SB 536 to Put California Firearm Violence Research Center to Work, Passes State Senate

Measure gives researchers access to data needed to comprehensively Conduct their research on firearm violence and prevention

April 24, 2017

SACRAMENTO – Senate Bill 536, a measure authored by Dr. Richard Pan, to provide much-needed data to researchers affiliated with the California Firearm Violence Research Center, passed the California State Senate today on a vote of 25-13. 

“The Legislature established the University of California’s Firearm Violence Research Center last year, but they need access to raw data to adequately conduct their research,” said Dr. Richard Pan, a pediatrician and state senator representing the Sacramento region.  “SB 536 will provide data so academic researchers can evaluate the effectiveness of policy interventions to better prevent gun deaths.”

SB 536 would direct the California Department of Justice to provide information on gun violence restraining orders (GVRO) to researchers affiliated with the University of California’s Firearm Violence Research Center and nonprofit educational institutions or public agencies, upon DOJ approval.

“Gun violence is a public health epidemic, and it is imperative that researchers and medical professionals be able to study it as such,” said Amanda Wilcox, of the California chapters of the Brady Campaign to Prevent Gun Violence. “Senator Pan's bill will allow California's best and brightest to study this life-saving law, one that could have spared my daughter's life if it were in place sixteen years ago.  The Brady Campaign is honored to have been involved in passing California's Gun Violence Restraining Order law from the get-go, giving us all the power to keep guns out of dangerous hands. We're confident our state is ready to take the next step in understanding and preventing gun violence by passing SB 536.”

“California's Gun Violence Restraining Order law is the first of its kind in the nation, a promising policy innovation that empowers Californians to petition a court to remove lethal weapons from a loved one who poses an imminent danger to themselves or the public. However, larger-scale assessments about the GVRO law's implementation and effectiveness are not currently possible. Dr. Pan's legislation will ensure that high-quality, independent researchers will have access to GVRO records, consistent with appropriate privacy and confidentiality protections, so they may effectively study the GVRO law's impact on public safety in our state and inform future efforts to improve this law and public safety,” said Ari Freilich of the Law Center to Prevent Gun Violence.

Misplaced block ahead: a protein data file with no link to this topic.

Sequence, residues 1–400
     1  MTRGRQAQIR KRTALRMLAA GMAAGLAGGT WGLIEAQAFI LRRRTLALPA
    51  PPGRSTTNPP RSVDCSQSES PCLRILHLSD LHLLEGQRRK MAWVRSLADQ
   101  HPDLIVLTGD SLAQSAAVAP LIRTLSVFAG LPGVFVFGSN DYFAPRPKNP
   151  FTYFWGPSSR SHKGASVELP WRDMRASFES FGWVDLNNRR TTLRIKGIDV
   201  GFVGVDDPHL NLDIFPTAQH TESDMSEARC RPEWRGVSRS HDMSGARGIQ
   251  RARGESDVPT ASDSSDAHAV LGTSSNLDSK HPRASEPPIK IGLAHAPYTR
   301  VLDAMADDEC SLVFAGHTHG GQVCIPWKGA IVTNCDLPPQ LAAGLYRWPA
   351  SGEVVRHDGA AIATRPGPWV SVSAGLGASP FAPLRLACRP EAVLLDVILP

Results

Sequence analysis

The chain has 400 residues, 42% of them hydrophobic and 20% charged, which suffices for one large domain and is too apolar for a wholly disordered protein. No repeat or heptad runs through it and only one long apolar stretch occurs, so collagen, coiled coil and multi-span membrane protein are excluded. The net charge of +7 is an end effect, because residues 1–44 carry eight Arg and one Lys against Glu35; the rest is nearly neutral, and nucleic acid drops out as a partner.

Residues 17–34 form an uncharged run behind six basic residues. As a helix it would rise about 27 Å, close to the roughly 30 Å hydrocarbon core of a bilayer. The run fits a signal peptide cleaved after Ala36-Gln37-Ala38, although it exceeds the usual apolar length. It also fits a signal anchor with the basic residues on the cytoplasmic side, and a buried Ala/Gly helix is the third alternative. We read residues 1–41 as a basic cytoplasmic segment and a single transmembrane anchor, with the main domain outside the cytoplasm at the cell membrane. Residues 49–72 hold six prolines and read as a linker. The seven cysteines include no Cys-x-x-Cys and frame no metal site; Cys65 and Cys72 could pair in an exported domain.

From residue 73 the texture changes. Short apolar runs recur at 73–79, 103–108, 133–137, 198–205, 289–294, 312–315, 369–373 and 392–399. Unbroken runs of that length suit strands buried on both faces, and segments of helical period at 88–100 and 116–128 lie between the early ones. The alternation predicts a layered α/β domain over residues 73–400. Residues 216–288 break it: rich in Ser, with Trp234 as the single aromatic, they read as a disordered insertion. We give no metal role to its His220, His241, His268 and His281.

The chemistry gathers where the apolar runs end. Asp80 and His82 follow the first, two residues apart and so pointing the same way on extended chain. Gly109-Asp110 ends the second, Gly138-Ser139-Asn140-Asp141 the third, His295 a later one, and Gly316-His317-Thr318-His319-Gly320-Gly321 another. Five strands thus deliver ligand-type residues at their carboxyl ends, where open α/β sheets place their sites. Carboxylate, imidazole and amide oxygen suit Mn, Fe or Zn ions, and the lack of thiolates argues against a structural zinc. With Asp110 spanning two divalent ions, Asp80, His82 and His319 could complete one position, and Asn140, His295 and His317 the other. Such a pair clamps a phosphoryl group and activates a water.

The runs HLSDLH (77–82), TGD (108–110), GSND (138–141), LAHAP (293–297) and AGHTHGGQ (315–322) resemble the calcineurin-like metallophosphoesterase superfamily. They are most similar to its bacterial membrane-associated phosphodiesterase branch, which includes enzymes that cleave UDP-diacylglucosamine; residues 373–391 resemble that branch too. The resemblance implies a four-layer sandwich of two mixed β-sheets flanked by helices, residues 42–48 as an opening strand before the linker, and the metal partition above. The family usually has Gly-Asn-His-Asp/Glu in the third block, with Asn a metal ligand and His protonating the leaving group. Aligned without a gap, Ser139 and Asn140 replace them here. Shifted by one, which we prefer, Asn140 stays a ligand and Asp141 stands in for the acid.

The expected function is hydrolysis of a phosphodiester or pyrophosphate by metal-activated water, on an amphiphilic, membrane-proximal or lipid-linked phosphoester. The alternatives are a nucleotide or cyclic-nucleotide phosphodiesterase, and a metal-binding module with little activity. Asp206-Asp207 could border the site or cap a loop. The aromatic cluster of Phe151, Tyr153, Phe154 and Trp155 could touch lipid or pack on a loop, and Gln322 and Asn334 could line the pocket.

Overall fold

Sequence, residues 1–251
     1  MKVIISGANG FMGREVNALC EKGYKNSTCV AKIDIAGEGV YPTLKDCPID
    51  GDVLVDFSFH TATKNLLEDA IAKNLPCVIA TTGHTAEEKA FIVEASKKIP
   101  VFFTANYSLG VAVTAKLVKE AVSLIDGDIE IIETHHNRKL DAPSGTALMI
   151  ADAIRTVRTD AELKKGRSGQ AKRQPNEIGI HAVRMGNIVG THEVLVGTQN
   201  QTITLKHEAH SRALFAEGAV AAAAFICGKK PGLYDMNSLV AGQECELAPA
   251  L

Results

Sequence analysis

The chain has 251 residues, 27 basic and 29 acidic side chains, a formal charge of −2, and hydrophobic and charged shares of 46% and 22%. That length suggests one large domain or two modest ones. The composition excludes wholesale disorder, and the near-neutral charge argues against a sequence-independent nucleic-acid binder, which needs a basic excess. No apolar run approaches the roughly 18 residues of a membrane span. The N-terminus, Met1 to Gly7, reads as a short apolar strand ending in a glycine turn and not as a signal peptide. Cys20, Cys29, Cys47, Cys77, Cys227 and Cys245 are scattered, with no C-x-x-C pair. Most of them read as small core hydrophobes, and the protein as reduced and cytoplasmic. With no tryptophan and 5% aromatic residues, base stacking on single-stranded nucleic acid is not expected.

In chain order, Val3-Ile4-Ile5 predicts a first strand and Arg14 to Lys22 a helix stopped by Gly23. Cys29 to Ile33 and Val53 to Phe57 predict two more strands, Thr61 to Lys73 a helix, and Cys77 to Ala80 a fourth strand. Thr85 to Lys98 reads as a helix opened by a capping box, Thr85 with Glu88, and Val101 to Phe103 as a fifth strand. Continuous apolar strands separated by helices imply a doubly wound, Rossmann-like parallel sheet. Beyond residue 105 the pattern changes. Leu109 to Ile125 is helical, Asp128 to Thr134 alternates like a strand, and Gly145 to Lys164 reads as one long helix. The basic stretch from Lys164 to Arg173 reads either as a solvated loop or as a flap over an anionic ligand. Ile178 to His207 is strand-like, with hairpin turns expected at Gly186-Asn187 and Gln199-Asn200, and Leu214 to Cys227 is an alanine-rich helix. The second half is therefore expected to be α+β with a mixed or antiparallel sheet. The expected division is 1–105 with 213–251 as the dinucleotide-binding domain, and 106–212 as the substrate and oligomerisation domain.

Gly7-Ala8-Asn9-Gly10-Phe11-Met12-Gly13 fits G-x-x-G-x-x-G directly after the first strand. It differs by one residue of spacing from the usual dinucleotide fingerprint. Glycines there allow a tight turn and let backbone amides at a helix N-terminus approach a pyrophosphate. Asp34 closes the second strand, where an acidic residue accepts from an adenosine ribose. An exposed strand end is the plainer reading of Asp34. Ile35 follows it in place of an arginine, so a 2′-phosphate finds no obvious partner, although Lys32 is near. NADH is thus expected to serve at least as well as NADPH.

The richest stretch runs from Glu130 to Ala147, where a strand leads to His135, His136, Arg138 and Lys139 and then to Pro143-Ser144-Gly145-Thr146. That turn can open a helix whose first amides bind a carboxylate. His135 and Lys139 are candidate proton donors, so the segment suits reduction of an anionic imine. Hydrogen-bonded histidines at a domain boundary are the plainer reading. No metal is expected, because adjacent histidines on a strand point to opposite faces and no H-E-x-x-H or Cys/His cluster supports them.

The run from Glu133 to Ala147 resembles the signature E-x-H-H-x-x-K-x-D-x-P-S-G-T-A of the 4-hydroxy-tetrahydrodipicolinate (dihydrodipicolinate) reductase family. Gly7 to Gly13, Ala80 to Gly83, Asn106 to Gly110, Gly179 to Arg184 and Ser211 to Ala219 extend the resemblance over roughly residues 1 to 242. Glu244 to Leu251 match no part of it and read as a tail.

“California’s GVRO policy is an important innovation that may prevent violence and is already being replicated in other states,” said Dr. Garen Wintemute, Director of the Violence Prevention Research Program at the University of California, Davis. “We need to be sure that it has its intended effects, and a thorough evaluation is the way to find out. Access to records will help make that evaluation possible.”

California’s Gun Violence Restraining Order (GVRO) law allows law enforcement and immediate family members to petition the court to obtain a temporary firearm prohibition through a firearm restraining order when a person poses a significant risk of injury to him/herself or others. GVRO records are maintained and housed by the California Department of Justice in electronic format under the California Restraining and Protective Order System.

The bill specifies that the information can only be used for academic and policy research analysis and the publication of identifying information would be prohibited.